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Business strategy

Startups 101: 6 things founders need to do to prepare for business life

- April 23, 2024 3 MIN READ
Photo: AdobeStock
Thinking of starting a small business? Exciting isn’t it? That was me nine years ago.

I had an idea for a Registered Nurse led professional ear wax removal business using safe and gentle microsuction.

In these nine years we have grown from one clinic opening four hours a week, to a nationwide business clearing the blocked ears of more than 5,000 patients a month, winning the National Telstra ‘Championing Health’ Best of Business Award for 2024 and driving positive change within our healthcare system.

The question is – how did we do it?

I hope share a little of what made our business become an ‘overnight’ success.

Firstly, for all the budding entrepreneurs out there, starting a business from scratch is hard work. Don’t be lulled into thinking that running your own startup business will provide you flexibility and a lifestyle the envy of your family and friends. If it was easy everyone would do it!  But in saying this it also can be hugely rewarding, so if you believe in your idea – go for it.

Taking an idea and turning it into a viable business takes strategy, tenacity, and a huge amount of belief. What I would like to share is six points that I wish I knew when we started, as like many others before us, we have learnt these lessons through trial and error, grazing our knees and many a long night of soul searching and changes of business direction before we ‘got it right’.

Here are my top six tips for you:

Write a business plan

If you write a business plan, it will force you to address the various elements of your business, that can make or break your idea. A business plan should include chapters on describing your business in detail, market analysis, marketing strategy, financial analysis and budget (particularly the first two years of operation), the regulatory environment and your ultimate exit strategy.

When writing your business plan, invest in it. It is unlikely that you will have well rounded skills in accounting, marketing, strategy, and economic analysis. Get professional advice to underpin your investment, don’t ‘wing’ it. This will save you time and money in the long run where you don’t have the knowledge and skills to address these vital elements of your business.

Know your customer

Do market research, understand your customer in intimate detail and what their ‘pain point’ is – i.e. what is the problem you can solve for them.  This will drive what your product will ultimately look and feel like, and your marketing strategy.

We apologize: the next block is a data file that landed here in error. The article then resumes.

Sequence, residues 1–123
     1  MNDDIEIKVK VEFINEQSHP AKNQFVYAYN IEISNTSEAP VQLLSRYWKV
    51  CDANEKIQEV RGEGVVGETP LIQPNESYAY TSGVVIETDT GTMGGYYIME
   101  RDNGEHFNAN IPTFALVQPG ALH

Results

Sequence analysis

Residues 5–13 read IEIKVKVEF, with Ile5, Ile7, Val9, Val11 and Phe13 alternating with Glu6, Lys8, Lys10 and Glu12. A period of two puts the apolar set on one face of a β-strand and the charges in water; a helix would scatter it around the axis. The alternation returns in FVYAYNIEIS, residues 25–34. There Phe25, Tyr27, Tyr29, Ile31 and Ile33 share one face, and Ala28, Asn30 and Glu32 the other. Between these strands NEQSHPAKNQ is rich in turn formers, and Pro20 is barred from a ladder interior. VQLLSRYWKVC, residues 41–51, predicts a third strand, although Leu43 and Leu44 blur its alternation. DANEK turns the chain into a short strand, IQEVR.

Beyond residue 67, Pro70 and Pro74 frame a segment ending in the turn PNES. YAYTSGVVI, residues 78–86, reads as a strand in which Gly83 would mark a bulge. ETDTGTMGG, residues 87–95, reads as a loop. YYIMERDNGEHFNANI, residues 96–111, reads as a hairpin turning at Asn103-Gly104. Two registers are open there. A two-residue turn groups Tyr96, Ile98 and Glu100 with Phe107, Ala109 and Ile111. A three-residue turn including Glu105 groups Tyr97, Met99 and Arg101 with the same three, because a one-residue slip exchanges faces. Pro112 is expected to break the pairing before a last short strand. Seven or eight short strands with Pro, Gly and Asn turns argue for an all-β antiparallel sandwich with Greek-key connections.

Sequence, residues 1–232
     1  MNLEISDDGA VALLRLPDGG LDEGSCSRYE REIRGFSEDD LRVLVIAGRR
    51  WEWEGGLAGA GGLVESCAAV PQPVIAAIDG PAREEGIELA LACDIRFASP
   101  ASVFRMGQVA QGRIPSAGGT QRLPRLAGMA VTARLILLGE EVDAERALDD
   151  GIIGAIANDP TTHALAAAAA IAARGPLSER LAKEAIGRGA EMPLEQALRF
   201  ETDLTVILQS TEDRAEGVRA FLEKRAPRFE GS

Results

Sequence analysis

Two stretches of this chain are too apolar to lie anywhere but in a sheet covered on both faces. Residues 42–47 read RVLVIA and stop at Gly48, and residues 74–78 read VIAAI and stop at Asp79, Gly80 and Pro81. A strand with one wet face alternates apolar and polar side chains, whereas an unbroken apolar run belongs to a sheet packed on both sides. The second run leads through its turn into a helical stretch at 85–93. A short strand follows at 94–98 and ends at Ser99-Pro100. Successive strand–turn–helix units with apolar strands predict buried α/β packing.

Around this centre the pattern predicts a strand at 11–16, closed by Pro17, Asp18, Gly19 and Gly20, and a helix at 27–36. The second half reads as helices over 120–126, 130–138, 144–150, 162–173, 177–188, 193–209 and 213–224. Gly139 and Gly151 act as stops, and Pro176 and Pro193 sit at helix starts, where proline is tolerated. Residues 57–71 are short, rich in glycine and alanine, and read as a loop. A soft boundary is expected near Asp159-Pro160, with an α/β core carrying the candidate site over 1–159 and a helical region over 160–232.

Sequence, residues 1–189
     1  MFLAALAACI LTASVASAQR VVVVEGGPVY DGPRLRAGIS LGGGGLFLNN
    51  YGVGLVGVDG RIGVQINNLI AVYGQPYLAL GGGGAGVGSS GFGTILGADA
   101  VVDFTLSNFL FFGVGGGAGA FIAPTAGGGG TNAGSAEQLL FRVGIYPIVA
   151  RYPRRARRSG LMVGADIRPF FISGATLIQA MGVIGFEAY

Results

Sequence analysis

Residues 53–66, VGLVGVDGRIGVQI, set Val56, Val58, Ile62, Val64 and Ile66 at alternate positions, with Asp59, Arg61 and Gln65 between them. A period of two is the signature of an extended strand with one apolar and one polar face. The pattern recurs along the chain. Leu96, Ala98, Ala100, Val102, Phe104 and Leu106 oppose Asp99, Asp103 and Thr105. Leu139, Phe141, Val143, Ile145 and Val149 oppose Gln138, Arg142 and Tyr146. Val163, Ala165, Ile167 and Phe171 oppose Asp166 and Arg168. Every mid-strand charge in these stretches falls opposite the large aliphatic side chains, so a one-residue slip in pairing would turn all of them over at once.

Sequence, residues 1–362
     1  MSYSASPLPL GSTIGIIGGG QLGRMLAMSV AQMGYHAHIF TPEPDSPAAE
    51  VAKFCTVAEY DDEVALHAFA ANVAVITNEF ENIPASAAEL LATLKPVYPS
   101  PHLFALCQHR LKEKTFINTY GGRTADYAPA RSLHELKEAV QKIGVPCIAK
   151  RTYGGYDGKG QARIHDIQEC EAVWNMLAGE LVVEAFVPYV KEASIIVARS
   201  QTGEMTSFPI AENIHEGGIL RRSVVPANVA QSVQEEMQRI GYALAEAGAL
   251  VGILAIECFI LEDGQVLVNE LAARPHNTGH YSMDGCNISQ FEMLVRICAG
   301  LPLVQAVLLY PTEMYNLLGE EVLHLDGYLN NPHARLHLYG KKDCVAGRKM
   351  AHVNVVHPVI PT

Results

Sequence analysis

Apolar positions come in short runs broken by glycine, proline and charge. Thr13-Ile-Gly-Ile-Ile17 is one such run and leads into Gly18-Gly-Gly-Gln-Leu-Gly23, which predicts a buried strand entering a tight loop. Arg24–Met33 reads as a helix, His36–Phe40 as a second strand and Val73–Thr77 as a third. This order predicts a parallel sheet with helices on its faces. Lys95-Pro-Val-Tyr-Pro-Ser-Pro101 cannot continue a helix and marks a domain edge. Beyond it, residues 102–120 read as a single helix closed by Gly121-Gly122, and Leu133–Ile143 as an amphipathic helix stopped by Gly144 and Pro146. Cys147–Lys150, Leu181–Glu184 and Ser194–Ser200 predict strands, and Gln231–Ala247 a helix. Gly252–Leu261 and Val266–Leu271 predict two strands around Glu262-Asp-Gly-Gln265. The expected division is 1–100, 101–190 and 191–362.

Let the market guide you – don’t get too precious

With all the best planning in the world, your idea will no doubt need tweaking and the best place to look to establish what these tweaks need to be is your market/customers. 

Don’t get too precious about your original concept – do you want to be right? Or, do you want to have a sustainable business? – let the market guide your idea as to what is sustainable in the long term.

Don’t under-capitalise

It is unusual for a startup to make sustainable profits from day one. 

Save your pennies and start your business when you can afford to make it through the first couple of years while you perfect your product and the business vehicle that is to drive it.  The amount of capital backing that you will need should be established in your business plan.

What you measure matters

All your staff expect to be managed – this is a universal truth.  What will drive a clear understanding of what you expect and how you define acceptable performance is through what you measure and report upon.

Spend time analysing your business, know what the value drivers are and what you feel is important (after all you are the owner!)

Create a transparent regular reporting schedule that is shared within your business so that everyone can see what is going well and what needs some further work.  This need not be a punitive tool, it can however be a guide for your management team/yourself as to where improvements can be made, and your staff will then expect and accept this work to occur.

        • Lisa Hellwege is the founder & clinical director of Earworx.
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